No one needs confirmation on an OPINION. As far as truth is concerned, again, I have no reason not to believe what I've been told. EVERYONE is entitled to form their OWN opinion regarding what is stated, be it "truth", fact or opinion.

In the state's eyes, they DO need the information in order to formulate what the child is entitled to, as far as state support is concerned. The problem is they are going after the wrong parent. Regardless of the situation, Angela Bauer was that child's intended parent and SHE should be the one to take responsibility for the child (both financial and legally.) Due to the fact that same sex marriage is not legal, the state will refuse to use her information as the child's parent, hence, they are going after the donor.

Do they NEED the donor's information? That's debatable. I would say no, use Angela's. The state says she has no legal rights to the child, therefore, they're going after the donor. So the state would say yes, they do need his info.

I will tell you EXACTLY what would happen if she had said it was a one night stand and the "father's" identity is unknown....they would provide support for the child without further incidence and also cover Jennifer once they figure

Annmari Lundin
Annmari Lundin5 years ago

Chandos V.: Do you have any confirmation on your blunt opinions or is it just second or third hand information you are passing around as truth?
I would really like to know and I guess the rest of the Care2 members that have posted here.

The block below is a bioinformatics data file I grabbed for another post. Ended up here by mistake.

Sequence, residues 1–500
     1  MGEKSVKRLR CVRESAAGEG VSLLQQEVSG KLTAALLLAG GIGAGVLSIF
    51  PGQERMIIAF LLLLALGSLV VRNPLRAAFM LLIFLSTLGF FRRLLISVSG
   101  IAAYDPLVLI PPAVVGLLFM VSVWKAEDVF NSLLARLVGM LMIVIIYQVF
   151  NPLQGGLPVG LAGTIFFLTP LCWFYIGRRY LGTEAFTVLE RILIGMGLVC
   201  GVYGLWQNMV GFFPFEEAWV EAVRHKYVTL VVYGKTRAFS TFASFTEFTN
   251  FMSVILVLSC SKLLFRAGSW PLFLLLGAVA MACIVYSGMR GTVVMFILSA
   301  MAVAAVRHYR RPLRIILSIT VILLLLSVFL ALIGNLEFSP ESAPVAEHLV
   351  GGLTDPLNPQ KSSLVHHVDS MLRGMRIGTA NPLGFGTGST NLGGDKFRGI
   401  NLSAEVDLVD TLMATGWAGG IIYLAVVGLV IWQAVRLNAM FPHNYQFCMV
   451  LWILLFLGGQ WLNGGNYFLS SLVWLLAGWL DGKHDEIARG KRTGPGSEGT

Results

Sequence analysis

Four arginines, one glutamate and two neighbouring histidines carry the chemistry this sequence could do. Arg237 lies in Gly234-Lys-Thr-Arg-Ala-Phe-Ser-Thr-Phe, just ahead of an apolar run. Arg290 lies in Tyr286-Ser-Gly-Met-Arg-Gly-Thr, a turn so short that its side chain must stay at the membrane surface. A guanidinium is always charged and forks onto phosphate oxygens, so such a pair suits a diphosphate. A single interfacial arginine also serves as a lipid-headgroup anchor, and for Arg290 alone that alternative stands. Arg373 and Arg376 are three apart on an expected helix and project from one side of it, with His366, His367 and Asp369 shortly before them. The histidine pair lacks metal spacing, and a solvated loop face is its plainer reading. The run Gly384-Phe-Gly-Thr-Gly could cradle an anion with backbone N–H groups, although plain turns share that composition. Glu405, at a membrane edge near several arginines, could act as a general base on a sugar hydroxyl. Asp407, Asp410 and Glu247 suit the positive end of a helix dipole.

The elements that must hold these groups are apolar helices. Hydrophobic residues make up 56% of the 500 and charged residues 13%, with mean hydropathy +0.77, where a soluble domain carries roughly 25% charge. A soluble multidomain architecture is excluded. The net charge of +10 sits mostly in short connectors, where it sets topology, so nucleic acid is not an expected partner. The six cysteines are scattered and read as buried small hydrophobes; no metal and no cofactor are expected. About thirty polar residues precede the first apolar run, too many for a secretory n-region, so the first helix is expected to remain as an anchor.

I wonder how the DCF can legally use extorsion to get information they don't really need? What if the couple had said they didn't know the name of the father; that it was a one-night stand with a stranger? What had happened then?

Sarah Hill
Sarah Hill5 years ago

He gave up his rights, that means responsibly also.

Chandos V.
Chandos V.5 years ago

I was contacted by someone involved in this mess and I think there is way more to this story than meets the eye. As far as the donor is concerned, I would run away, as quickly as possible and the financial aspect is the last reason.

Angela was not too ill to work, she's an alcoholic.

Their foster children have been removed due to domestic violence.

From what I've heard, neither of them is fit to HAVE a puppy, much less a child.

Amanda M.
Amanda Ashton5 years ago

To be honest with you, the sperm donor signed his rights and financially responsibility in the beginning. If they started doing this this would make it harder for other gay/lesbian couples to have a family. Work like the rest of us. This is the responsibility that you signed up when wanting to have a family. Maybe friends and family can help out or by having a fundraiser for the couple. I think it would be wrong and waste of time for them to pursue the sperm donor.